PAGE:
But the only thing that matters is what Akin himself thinks.
With rumors that the NRSC and Karl Rove's Crossroads are pulling out of Missouri so long as he's in the race, chances are he's a goner. He'd be hard-pressed to stay in the race without their millions backing him up. Missouri might be getting redder, but it's not Oklahoma just yet.
Sen. Majority Leader Harry Reid improbably survived his 2010 race by manipulating the GOP primary to get himself crazy Sharron Angle as an opponent. But that was Nevada—a purple-to-blue state with a burgeoning Latino population.
Missouri is pretty much the opposite of Nevada—a red-and-getting-redder state with demographics that generally favor Republicans—it ranks just 38th amongst all states in Latino population (2.1 percent), 13th in persons older than 65 (13.5 percent), and 16th in white evangelicals (27 percent).
Freshman Democratic incumbent Claire McCaskill won by just 2.4 percent in the Democratic wave (and non-presidential) year of 2006, and has—by far—suffered the worst poll numbers of any incumbent this cycle.
The bottom line is this: Assuming he was adequately funded, Akin would still be favored given his state's demographics and the woeful state of Claire McCaskill's favorability numbers.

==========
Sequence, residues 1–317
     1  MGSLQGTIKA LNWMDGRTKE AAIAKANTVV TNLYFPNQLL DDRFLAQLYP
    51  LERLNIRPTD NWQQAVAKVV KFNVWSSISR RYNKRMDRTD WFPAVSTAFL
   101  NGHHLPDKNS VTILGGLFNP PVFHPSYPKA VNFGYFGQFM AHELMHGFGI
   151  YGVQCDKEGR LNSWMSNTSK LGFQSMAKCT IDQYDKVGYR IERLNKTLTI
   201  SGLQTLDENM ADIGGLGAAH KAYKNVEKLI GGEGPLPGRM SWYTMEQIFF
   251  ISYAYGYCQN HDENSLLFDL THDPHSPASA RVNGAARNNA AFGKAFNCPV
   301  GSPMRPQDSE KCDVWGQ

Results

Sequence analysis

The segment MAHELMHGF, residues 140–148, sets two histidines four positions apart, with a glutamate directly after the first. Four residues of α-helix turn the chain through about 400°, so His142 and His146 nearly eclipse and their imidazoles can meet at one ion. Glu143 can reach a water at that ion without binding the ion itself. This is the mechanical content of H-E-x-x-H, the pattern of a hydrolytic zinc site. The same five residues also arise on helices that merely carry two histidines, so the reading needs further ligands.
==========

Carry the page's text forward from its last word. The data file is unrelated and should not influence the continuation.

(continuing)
Obviously, any other Republican at this point would be more favored, but that doesn't mean Akin is doomed. Far from it. And if Akin wants to bring his special brand of crazy to the Senate, this is his only chance. He's got to ride out this storm.
His problem of course, is that he said out loud what Republicans want kept hidden from voters. Of course they all believe this "forcible rape" crap. There were 227 co-sponsors of that legislation, including Paul Ryan himself! But with their potential Senate majority once again endangered by the crazy (like it was in 2010), establishment Republicans clearly have less tolerance for this kind of nonsense.
Social conservatives have rallied around Akin, like the Family Research Council and the American Family Association's Bryan Fischer. They're salivating at the possibility of having a true believer in the Upper Chamber, and one who isn't constrained by niceties such as "science" and "reality." However, they don't have the kind of money needed to keep him afloat.
The other potential savior could've been Rush Limbaugh, but he's on vacation this week. Too bad for Akin.
As I publish this, Twitter is divided between rumors that Akin is quitting tomorrow, and rumors that he won't. The obvious move would be to concede and quit. But if he decides to stick with it, it wouldn't be irrational in the least.